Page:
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Top 25 Most Difficult Companies To Interview; Consulting Firms Lead The Way
Glassdoor ^ | 08/31/2012

Posted on 09/01/2012 7:39:17 AM PDT by SeekAndFind

Some companies are notorious for using interview processes that bring you back to the days of your college entrance exams wrought with riddles, written tests, bizarre questions, and multiple rounds of group or in-person interviews. So which companies have the toughest interview processes out there? Glassdoor dug through more than 80,000 interview reviews shared over the past year to uncover the Top 25 Most Difficult Companies to Interview.

Company Interview Difficulty Rating Interview Experience: Positive Interview Experience: Negative Company Rating Company Rating
3.9 62% 13% 4.1 Very Satisfied
Boston Consulting
3.8 70% 10% 4.1 Very Satisfied
Oliver Wyman
3.7 57% 9% 3.6 Satisfied
A. T. Kearney
3.7 64% 12% 3.4 OK
ZS Associates
3.7 65% 6% 3.4 OK
3.6 64% 16% 3.8 Satisfied
Bain & Company
3.6 73% 2% 4.2 Very Satisfied
Shell Oil
3.6 65% 4% 3.8 Satisfied
3.5 45% 18% 4.1 Very Satisfied
3.5 70% 5% 3.1 OK
3.4 72% 11% 3.9 Satisfied
Cypress Semiconductor
3.4 76% 10% 2.9 OK
Susquehanna International Group
3.4 58% 7% 3.7 Satisfied
3.4 38% 13% 3.2 OK
Procter & Gamble
3.4 63% 7% 3.8 Satisfied
Teach for America
3.4 65% 6% 3.7 Satisfied
L.E.K. Consulting
3.4 62% 5% 3.4 OK
Juniper Networks
3.4 67% 8% 3.3 OK
3.4 75% 6% 3.3 OK
3.4 31% 19% 3.2 OK
General Mills
3.3 49% 15% 3.8 Satisfied
3.3 52% 24% 3.6 Satisfied
3.3 60% 12% 2.9 OK
3.3 51% 19% 4.6 Very Satisfied
3.3 44% 18% 3.3 OK

Report based on companies with at least 20 interview and company reviews from 7/13/11-7/12/12. Interview and company ratings based on a 5-point scale. Interview difficulty ratings: 1.0=very easy, 5.0=very difficult. Company ratings: 1.0=very dissatisfied, 3.0=OK, 5.0=very satisfied. Reviews and ratings are based entirely on experiences from employees and recent job candidates.

Below are some highlights:

Toughest Interview Process: Consulting firms lead the way with McKinsey & Company (Interview difficulty: 3.9) taking top honors, followed by Boston Consulting Group (Interview difficulty: 3.8), and Oliver Wyman (Interview difficulty: 3.7) . Interestingly, almost half of the companies represent the tech industry with companies like Google (Interview difficulty: 3.5) and Facebook (Interview difficulty: 3.3), who are famous in Silicon Valley for their tough interview techniques.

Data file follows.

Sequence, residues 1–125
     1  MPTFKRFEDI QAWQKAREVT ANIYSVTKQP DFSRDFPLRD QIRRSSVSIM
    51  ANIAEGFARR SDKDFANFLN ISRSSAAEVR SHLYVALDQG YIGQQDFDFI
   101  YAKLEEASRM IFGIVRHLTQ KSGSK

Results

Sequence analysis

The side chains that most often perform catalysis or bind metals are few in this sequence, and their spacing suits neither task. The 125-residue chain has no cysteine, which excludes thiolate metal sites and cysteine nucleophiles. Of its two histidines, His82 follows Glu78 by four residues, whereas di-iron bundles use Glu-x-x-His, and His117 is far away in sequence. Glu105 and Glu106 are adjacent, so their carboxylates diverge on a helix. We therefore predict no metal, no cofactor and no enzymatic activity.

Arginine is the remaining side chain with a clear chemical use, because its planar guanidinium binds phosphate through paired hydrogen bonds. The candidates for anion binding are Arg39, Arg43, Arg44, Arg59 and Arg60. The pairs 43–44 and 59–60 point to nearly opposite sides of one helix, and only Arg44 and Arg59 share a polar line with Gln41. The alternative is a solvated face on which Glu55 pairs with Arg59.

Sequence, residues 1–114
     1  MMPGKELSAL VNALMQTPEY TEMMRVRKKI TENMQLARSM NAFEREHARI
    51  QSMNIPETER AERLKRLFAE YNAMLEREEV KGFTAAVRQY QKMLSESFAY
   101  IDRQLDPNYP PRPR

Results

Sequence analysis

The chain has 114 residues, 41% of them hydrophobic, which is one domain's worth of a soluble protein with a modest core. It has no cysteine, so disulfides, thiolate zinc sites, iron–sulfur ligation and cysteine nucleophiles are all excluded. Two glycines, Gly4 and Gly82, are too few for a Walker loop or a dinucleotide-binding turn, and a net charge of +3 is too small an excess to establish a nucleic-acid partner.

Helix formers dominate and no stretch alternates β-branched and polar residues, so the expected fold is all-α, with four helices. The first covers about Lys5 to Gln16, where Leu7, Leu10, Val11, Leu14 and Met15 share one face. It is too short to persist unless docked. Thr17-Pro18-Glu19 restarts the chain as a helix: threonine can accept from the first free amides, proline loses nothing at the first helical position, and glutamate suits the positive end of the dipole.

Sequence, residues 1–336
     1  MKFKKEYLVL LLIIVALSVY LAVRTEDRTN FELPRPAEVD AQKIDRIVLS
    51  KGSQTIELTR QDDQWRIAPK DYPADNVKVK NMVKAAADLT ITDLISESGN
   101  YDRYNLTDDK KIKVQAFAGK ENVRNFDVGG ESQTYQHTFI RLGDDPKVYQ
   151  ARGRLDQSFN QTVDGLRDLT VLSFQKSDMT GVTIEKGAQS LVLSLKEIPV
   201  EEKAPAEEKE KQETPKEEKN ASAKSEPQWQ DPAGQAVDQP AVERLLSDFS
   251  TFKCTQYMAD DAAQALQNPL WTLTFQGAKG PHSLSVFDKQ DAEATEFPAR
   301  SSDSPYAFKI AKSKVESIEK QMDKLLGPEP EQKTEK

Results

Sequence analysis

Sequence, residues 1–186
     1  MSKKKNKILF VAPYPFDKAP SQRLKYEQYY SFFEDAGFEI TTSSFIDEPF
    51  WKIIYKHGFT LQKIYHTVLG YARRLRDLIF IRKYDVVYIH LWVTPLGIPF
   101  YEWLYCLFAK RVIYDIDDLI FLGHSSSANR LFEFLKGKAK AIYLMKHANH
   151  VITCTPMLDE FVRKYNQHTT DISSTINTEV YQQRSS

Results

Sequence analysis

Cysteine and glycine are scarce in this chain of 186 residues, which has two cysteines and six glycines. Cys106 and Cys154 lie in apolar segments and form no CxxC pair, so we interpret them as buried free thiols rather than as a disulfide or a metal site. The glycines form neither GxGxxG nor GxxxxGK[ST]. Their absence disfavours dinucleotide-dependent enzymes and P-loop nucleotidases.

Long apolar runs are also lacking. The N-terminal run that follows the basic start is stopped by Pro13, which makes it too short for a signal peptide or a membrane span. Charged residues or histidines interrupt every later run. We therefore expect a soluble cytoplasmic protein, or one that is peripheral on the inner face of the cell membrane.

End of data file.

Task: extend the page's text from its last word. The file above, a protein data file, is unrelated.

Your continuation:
Difficult Interviews Don’t Necessarily Mean Negative Experiences: Despite a tough interview, positive interview experiences outweigh negative interview experiences at all of the companies on the list. Cypress Semiconductor receives the highest rate of candidates experiencing a positive interview (76% positive, 10% negative), followed by Sapient (75% positive, 6% negative) and Bain & Company (73% positive, 2% negative).

Veterans and Newcomers: For the second year in a row, McKinsey & Company (Interview difficulty 2012: 3.9; 2011: 3.9) tops the list, and several other companies on last year’s report have made it into the top 25 again, including Oliver Wyman (Interview difficulty 2012: 3.7; 2011: 3.4) and Teach for America (Interview difficulty 2012: 3.4; 2011: 3.5). Newcomers to this list include Shell Oil (Interview difficulty: 3.6), Google (Interview difficulty: 3.5), Rackspace (Interview difficulty: 3.4), Facebook (Interview difficulty: 3.3) and Progressive Corporation (Interview difficulty: 3.3).

Some of the most daunting questions candidates have recently been asked include:

“There are 3 products: tomatoes, luxury cars, t-shirts. What value added tax is applied to each product type?” – McKinsey & Company Junior Consultant Candidate (location n/a)

“How many people would use a drug that prevents baldness?” – Boston Consulting Group Associate Candidate (Boston, MA)

“What is the marginal cost of a gigabyte in gmail?” – Google Associate Product Manager Candidate (Mountain View, CA)

Think one of your job interviews was tough? Share your interview review and tell future job candidates what to expect, and how to prepare.

TOPICS: Business/Economy; Society
KEYWORDS: companies; corporations; interview; jobinterview; jobs